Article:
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Nine West could be the next retailer to file for bankruptcy

  • Nine West and its creditors are reportedly nearing finishing a deal to restructure more than $1 billion of debt, which includes filing for bankruptcy.
  • The goal is to file for Chapter 11 bankruptcy protection before a March interest payment, sources told Bloomberg.
A shopper walks past a Nine West Group store at the La Cantera outdoor mall in San Antonio, Texas.
Jennifer Whitney | Bloomberg | Getty Images
A shopper walks past a Nine West Group store at the La Cantera outdoor mall in San Antonio, Texas.

Apparel retailer Nine West Holdings and its creditors are close to finishing a deal to restructure more than $1 billion of debt, which includes filing for bankruptcy and divesting parts of the business, Bloomberg reported Wednesday, based on conversations with people familiar with those talks.

This strategy would include asset sales to pay off creditors, where Nine West would seek Chapter 11 court protection and ultimately file for bankruptcy before a March 15 interest payment, the sources told Bloomberg.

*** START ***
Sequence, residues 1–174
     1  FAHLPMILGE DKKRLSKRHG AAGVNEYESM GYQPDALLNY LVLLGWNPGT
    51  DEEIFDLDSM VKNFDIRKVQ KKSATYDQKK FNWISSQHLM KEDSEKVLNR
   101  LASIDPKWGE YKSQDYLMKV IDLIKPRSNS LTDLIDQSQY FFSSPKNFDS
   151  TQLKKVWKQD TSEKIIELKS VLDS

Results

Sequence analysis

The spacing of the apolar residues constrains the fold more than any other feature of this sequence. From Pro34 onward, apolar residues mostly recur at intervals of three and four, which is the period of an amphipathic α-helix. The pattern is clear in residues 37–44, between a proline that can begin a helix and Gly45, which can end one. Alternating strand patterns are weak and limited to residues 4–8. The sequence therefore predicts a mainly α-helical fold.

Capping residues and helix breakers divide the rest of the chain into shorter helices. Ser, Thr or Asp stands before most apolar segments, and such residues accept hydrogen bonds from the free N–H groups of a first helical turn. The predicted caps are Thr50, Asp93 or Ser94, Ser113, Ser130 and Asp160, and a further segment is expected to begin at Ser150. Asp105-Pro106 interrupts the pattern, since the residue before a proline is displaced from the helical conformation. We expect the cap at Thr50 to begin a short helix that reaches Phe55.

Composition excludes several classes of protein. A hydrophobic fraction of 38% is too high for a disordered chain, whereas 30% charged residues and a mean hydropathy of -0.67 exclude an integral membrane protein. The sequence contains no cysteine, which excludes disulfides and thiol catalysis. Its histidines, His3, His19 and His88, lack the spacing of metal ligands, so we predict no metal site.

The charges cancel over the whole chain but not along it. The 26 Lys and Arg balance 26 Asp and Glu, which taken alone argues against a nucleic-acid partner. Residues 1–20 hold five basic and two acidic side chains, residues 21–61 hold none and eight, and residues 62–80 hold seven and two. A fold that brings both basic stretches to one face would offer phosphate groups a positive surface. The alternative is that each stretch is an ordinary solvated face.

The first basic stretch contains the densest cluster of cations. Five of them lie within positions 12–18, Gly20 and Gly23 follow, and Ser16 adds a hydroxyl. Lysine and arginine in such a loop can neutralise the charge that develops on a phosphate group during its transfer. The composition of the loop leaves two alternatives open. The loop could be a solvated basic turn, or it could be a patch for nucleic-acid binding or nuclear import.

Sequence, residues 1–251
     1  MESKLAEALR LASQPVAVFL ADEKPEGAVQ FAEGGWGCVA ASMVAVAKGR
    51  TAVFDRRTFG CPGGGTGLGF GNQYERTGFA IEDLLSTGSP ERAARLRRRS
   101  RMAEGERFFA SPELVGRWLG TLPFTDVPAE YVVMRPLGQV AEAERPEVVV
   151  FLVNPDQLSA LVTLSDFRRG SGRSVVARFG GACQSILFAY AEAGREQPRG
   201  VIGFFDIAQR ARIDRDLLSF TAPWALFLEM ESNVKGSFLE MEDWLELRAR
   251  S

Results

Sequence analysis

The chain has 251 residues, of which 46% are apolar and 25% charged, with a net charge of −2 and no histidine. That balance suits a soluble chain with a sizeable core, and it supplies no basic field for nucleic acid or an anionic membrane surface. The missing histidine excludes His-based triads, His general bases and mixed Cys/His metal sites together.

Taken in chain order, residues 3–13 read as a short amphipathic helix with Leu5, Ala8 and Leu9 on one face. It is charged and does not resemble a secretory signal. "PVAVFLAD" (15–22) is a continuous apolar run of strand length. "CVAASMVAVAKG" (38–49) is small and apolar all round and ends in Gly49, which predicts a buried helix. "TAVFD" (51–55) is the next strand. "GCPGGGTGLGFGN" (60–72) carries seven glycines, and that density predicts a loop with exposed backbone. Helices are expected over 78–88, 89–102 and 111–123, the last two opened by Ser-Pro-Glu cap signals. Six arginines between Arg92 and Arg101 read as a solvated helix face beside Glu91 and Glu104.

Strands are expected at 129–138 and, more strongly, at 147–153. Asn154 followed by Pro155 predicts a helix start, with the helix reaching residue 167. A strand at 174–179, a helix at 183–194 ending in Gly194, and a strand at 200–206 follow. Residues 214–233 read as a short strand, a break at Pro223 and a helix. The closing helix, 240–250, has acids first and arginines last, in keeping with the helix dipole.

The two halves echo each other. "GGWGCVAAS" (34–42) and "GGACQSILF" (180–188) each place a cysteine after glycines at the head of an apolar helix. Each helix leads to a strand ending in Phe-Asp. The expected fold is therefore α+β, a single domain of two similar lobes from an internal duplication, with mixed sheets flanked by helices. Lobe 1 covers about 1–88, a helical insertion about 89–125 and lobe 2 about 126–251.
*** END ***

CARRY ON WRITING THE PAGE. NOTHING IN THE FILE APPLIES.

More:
Representatives from Nine West and its private equity owner, Sycamore Partners, declined to comment.

Pursuing a Chapter 11 filing would give Nine West more time to repay creditors — an obstacle many private equity-backed retailers, including Payless ShoeSource, Toys R Us and Gymboree, have run into as debts mature.

Nine West is further hampered by the fact it's a decades-old brand operating in the apparel industry, which faces heightened competition from online businesses and fast-fashion retailers such as Zara and H&M.

According to Moody's Investors Service, Nine West doesn't have any debt coming due until 2019, but then the retailer will have to refinance roughly $1 billion.

Bloomberg reported that should this deal go through, Nine West's first-lien lenders would likely be repaid in full, with second-lien lenders receiving equity in the reorganized company, and another smaller piece of equity would go to the company's bondholders.

Read the full report from Bloomberg.